Re: [IGS] Cuttings & Pics.
-- [ From: Dale Neil * EMC.Ver #2.5.3 ] --
I've been tied up getting a few things done but I'm still here.
> Thanks for the instruction on the tea bag compost spray ... sounds
>strange ...you would expect compost to exacerbate the problem,
>however what you say makes sense. I will spread the word at the >Ger.
Soc. meeting tomorrow.
I actually thought the same thing about compost maybe causing more
problems but as I read about it more, (as you say) it began to make more
sense. Keep in mind that I'm no authority on the subject. I've just been
reading alot about what organic gardeners are doing these days looking
Another note: Chamomile tea is being used as an antifungal spray against
damping off. (I understand that both Anthemis and Matricaria have the
same properties.) I know of one woman that has used this successfully
for her seedlings for the last 25 years.
Wow, you are really going wild with this scanning project aren't you. I
have been thinking of getting a flatbed scanner myself but don't know
how soon I can do that. I have one of those handheld scanners too but
mine is only Black and White/Gray scale so it really doesn't do justice
to flowers. I will try to find out what resources we have to use to post
graphics as soon as I can. I've written to Cyril Baucke a few times in
the last month about something else with no response so I may try to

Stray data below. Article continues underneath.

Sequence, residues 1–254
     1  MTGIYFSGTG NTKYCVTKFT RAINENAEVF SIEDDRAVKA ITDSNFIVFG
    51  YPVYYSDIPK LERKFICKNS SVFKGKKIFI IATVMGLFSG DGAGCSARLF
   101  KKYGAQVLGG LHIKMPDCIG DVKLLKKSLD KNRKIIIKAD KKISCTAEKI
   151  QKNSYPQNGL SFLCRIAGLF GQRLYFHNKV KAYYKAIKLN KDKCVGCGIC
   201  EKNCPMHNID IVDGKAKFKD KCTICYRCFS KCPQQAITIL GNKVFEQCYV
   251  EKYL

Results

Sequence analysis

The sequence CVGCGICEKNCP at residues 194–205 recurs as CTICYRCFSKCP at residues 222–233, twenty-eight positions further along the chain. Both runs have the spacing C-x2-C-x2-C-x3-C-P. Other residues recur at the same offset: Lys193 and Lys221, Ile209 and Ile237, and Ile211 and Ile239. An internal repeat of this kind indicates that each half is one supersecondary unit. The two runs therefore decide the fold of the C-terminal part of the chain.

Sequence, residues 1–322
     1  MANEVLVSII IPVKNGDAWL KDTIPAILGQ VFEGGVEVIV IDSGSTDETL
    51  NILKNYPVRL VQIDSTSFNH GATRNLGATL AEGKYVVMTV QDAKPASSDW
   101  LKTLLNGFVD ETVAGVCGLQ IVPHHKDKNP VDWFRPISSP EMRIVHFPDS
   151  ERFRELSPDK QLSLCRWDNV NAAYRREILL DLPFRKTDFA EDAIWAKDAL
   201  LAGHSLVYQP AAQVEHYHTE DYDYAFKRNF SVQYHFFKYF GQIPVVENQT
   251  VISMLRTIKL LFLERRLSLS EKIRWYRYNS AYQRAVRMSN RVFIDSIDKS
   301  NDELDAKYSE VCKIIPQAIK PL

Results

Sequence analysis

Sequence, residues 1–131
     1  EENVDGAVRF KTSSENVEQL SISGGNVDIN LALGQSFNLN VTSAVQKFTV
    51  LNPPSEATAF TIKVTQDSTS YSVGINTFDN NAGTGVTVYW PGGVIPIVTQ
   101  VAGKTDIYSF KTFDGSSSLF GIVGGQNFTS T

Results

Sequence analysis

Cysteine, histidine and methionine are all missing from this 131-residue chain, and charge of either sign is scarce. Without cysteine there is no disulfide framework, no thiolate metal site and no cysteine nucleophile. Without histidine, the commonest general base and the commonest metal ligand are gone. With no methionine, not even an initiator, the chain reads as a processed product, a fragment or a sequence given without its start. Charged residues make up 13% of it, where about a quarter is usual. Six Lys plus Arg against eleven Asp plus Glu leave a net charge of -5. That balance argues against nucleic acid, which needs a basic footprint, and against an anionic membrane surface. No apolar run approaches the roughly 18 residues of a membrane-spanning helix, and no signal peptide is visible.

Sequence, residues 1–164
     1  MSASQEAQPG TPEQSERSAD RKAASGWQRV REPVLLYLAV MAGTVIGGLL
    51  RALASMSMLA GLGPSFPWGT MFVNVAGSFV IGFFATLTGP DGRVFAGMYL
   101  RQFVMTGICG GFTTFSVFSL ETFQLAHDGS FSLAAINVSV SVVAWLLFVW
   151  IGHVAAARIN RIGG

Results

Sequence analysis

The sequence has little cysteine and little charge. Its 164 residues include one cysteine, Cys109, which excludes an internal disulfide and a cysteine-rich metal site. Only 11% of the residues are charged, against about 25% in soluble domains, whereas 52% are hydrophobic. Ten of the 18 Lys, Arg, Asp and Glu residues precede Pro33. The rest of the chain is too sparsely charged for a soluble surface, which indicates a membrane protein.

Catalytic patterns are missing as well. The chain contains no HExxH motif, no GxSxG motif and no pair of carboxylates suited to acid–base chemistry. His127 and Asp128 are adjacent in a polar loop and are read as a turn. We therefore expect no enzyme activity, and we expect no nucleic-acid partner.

raise Diana Petersen to ask if we can get an FTP site somewhere. Go
ahead and send me what you have as you get them scanned and I will
catalog them as well as enjoy them <G>.
Sounds like you get a good success rate for your cuttings with the
method you are using. I have never used sand myself. I have been using a
mix of 1 part general purpose potting soil; 2 parts spaghnum moss; and
1/2 part perlite for my rooting medium (as well as my growing medium). I
don't use fungicide but do use a mild rooting hormone most of the time.
Like you I moisten and let dry on top before watering again. I like to
use 1-2 inch clay pots but will also use small plastic pots. I find the
clay pots are more forgiving about overwatering though they do require
extra watering in general. Oh and I don't let the ends dry out anymore
either. I started out doing that but soon discovered that it really
didn't make that much difference with my cuttings. Later I read Faye
Brawner saying she felt the same way.
Today, I picked up something that is fairly new around here to try to
use for growing and rooting medium. It is a coconut fiber product that
comes in a compressed block the size of a brick. When you add water, It
expands to 8-9 quarts. It is very clean and light. I will report about
my experience with it in the future. Have you or anyone else on the
Robin, had any experience with this?
Peat pots have been made for along time so that there would be less
transplant shock but in the last few years, I have read other people
saying the same thing you are. (I never really cared for them because
they seemed to mold easily if keept moist as they should be.) I have
also read the recommendation to actually split the pot down the sides in
a number of places to allow the roots to spread better.
Well I better finish up here and maybe get this posted while youstill
have daylight over there. Are you still using your partner's university
connection or do you have a home connection now to the internet? You
seem to be responding quicker nowdays.
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